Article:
Posted March 16, 2019 by & filed under Uncategorised.

When events occur globally that reflect Ino ( intentional harm) and  Pilikia, it can be a time for challenging our Aloha and Pono.

It can be easy for some to jump out of the pono canoe and in to the swirling ocean of fear, anger and a multitude of other negative thoughts/feelings.

It’s easy to  hele ka ‘olelo – walk the talk, when everything seems to be smooth sailing.

When we paddle the Spiritual Path in Aloha and Pono we must strongly stay the course of Aloha and Pono at all times.


Allow recent events of the world to be a reminder to step fully in to your Uhane Nui ( Spirit Greatness and Mana ‘Iho ( self empowerment) and keep radiating your mana in the fullness of aloha.

This piece from  Mana’olana Pink Paddlers is an apt reminder of our Spiritual Beingness and Ho’opono pono ke ala – make right more right the path.

“The Meaning of ALOHA is an expression of our essence. It is the language of the SOUL and often speaks through welcome smiles, friendly gestures and warm greetings.

And although ALOHA is used when saying hello or goodbye. It actually means a great deal more.

In fact to Hawaiians ALOHA is not so much a word as it is attitude or a state of mind peacefully filled with spirituality, compassion, and gratitude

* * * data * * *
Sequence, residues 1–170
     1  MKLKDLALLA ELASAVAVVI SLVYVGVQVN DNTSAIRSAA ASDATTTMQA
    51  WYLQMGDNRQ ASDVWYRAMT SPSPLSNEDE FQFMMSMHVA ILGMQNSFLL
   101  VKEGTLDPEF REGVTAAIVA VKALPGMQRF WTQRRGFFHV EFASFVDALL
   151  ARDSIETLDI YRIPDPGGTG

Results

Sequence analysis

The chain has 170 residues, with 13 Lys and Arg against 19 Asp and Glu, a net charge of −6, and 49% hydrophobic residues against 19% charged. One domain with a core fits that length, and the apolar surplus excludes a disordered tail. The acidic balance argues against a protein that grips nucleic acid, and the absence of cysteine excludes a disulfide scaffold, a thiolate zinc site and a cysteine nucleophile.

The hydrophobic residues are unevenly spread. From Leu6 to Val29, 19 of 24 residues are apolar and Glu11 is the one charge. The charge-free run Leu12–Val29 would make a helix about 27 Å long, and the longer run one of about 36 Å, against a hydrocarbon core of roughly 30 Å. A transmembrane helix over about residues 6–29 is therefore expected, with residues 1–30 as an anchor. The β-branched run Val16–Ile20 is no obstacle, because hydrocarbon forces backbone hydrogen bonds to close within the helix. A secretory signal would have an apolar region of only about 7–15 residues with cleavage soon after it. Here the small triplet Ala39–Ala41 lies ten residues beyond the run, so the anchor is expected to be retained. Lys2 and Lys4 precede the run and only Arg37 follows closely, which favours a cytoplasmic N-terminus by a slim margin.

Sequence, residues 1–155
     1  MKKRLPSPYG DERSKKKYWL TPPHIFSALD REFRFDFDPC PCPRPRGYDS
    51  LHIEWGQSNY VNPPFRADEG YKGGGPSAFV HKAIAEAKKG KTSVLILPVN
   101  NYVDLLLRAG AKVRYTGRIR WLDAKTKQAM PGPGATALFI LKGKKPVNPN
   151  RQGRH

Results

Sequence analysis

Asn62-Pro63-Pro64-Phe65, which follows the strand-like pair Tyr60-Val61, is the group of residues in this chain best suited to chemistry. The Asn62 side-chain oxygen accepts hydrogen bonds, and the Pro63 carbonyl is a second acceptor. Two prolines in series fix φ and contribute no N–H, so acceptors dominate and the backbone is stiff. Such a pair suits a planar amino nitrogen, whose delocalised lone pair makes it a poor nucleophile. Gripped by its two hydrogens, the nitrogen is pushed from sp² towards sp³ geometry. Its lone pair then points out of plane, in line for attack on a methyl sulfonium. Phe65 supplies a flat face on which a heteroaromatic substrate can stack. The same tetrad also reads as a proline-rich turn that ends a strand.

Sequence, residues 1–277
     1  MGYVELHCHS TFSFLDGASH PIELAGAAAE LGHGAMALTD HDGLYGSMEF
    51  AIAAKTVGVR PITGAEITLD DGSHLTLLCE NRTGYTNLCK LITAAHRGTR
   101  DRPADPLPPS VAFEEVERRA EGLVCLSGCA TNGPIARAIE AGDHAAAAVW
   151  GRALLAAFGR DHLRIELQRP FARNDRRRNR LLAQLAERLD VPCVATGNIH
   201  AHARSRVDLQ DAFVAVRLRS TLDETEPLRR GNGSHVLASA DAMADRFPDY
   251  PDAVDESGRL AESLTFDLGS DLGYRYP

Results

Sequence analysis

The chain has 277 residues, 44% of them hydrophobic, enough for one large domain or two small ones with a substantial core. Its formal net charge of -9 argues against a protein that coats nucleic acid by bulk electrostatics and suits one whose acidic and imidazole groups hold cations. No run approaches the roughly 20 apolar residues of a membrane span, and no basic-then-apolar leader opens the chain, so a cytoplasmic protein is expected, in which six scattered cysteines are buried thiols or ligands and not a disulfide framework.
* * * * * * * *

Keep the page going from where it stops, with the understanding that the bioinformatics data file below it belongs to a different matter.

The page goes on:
ALOHA desires the best of everyone while endlessly projecting love for all creation from the center of its heart, and while giving generously of itself. ALOHA ask only that we share its gift with others.

ALOHA is by nature unconditional. It embraces all of the humanity with open arms as though it were placing a garland of fragrant flowers around its neck.

ALOHA points to the spiritual potential inherent in all the people of the earth and asks that we express that potential always through positive actions.

ALOHA is the spirit of goodness and if were able to speak it might humbly say ” ALOHA kekahi i kekahi ” Love one another as you would wish to be loved.

ALOHA is the silent breath of the ancients bridging the years into the present to softly caress, encourage, uplift and bless us all.”


I’ve done something here that I have never done before.

I have attached an oli, I Ke Kahi I Ke Kahi,  which I would usually only teach in classThat is protocol.
However Nā Kūpuna wanted me to share it, so everyone can simply speak and energise the words.

To keep the focus and awareness on creating more Aloha on the planet, moment to moment.


Let’s all work together to foster and promote

aloha kekahi i kekahi

– to love one another in all we doAloha-kekahi-i-kekahi-elementary

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